White-collared Swifts in flight, Jamaica; top photo is a good depiction of the species viewed head-on from a mountain top. (with the observer positioned at the same elevation that the swifts are flying) as they come together to flock in the evening. (photos by Justin Proctor)
This post is part of a series; visit Part 3 here.
In Part 3 I introduced you to the smallest swift you’ll find in the Greater Antilles, so it seems appropriate to bring the largest swift of the region into the equation. An all-around phenomenal bird, the White-collared Swift (aerial insectivore 4) doesn’t get the attention it deserves, and I think I know why. Wetmore and Swales summarize the problem perfectly:
“…through its great speed in flight so annihilates distance that flocks may appear temporarily almost anywhere.” (1931)
Antillean Palm-Swifts in flight as well as entering and exiting nests located within the hanging fronds of palm trees, Jamaica. (photos by Justin Proctor)
This post is part of a series; visit Part 2 here.
Antillean Palm-Swift (Tachornis phoenicobia)
This is going to be the most noticeable and easy to identify swift out there. However, that doesn’t mean you’re going to get a really good look at one right away. They are fast, and they are small. Luckily they are gregarious and colonial nesters, which means that you will usually come across them in large numbers as they forage or move into and out of their nests – which, amazingly, are a blend of saliva, plant fibers, and feathers attached to the undersides of dead, hanging palm fronds.
Cave Swallows in flight from multiple angles under different lighting conditions, Jamaica.
This post is part of a series; visit Part 1 here.
Cave Swallows (Petrochelidon fulva)
These little guys are a great species to start with because they are known to all of the Greater Antilles islands. One of the best contexts to find Cave Swallows in would be nearby to one of their communal roosts / nesting sites. Terrestrially, look around cave entrances or pocket-like formations in the sides of rocky cliffs. Coastally, look for limestone formations along the beach or just offshore. If they are there, you won’t miss them. Their nests are primarily made up of a mix of mud and plant fibers that have been attached to a vertical wall. If you can manage to get close, you might be lucky enough to see a pair of Cave Swallows sitting still in a nest giving you that famous 1000-yard stare.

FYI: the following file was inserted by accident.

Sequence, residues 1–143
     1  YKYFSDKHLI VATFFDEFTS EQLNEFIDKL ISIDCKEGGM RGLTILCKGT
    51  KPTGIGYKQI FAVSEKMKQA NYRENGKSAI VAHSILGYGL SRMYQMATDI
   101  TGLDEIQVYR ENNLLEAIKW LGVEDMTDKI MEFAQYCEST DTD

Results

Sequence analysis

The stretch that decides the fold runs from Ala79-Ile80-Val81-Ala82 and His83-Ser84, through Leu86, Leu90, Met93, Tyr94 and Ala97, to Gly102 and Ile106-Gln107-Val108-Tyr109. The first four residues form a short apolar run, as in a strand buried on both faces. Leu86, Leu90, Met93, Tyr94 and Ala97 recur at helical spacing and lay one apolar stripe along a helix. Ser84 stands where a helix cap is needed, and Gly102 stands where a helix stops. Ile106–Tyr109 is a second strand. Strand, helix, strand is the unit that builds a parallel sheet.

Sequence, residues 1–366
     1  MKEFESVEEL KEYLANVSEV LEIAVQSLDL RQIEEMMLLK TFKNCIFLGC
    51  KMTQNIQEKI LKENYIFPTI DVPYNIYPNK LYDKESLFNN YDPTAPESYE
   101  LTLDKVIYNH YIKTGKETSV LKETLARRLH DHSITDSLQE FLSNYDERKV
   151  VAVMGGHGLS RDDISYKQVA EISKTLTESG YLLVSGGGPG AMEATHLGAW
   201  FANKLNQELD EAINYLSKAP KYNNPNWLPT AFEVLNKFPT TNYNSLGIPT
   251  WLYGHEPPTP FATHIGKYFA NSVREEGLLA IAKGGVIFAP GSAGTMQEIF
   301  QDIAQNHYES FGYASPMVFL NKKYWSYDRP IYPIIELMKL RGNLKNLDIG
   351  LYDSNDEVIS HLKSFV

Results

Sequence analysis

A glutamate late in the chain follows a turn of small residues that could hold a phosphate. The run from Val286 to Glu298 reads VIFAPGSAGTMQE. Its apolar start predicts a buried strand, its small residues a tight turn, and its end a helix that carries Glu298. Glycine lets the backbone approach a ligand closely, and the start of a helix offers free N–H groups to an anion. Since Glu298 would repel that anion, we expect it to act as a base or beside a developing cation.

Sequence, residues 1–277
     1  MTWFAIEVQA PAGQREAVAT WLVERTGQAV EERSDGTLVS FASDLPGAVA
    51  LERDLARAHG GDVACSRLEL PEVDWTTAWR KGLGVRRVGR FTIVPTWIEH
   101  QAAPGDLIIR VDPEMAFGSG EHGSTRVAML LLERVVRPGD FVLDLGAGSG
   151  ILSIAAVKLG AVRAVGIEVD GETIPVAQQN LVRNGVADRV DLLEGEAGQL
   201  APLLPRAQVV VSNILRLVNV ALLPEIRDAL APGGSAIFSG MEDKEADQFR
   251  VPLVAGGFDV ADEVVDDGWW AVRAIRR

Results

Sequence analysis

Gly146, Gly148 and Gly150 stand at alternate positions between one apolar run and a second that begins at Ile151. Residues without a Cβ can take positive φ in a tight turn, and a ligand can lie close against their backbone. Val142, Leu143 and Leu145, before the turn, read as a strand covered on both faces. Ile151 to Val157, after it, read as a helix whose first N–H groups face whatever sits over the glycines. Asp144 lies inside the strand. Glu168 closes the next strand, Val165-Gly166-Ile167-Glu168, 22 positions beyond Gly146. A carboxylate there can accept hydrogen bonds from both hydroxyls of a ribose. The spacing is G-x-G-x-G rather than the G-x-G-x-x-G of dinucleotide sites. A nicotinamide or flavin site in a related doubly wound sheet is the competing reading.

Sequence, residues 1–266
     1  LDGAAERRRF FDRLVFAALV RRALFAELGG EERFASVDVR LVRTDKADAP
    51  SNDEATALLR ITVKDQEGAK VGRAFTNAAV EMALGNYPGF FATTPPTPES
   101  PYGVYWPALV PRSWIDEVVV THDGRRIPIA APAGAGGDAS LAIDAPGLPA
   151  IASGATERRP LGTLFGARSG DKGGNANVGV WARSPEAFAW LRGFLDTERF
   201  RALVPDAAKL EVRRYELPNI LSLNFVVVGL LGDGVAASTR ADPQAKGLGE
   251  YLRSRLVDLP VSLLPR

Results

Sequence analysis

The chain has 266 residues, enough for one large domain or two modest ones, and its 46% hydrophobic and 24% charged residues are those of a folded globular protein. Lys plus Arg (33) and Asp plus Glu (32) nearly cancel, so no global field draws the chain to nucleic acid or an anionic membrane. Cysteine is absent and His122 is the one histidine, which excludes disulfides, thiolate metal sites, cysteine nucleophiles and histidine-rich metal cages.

Illustration by Justin Proctor
Are you tired of really crisp, up-close views of beautiful Caribbean birds? Are you repulsed at the idea of having an extended period of time to view a bird, jot down detailed notes about its breath-taking plumage, and really connect with the moment? Well, I knew it; and I’m happy to say that here at Proctor & Proctor Inc., we can offer you something much more challenging! Let’s start by having a long, long look at the following Rorschach test (pictured left). And if at any time it becomes painful to keep your eyes on the image, just keep looking…
Alright, let’s reflect. Did you see a hamster? If you did, I’m gonna ask you to just kindly walk away now. If rather you saw some intriguing silhouettes of our feathered friends in front of our beloved Yellow Star, you’re sitting pretty. And if you took one quick glance and were able to immediately identify all the different species present, I think we can probably get you a movie deal.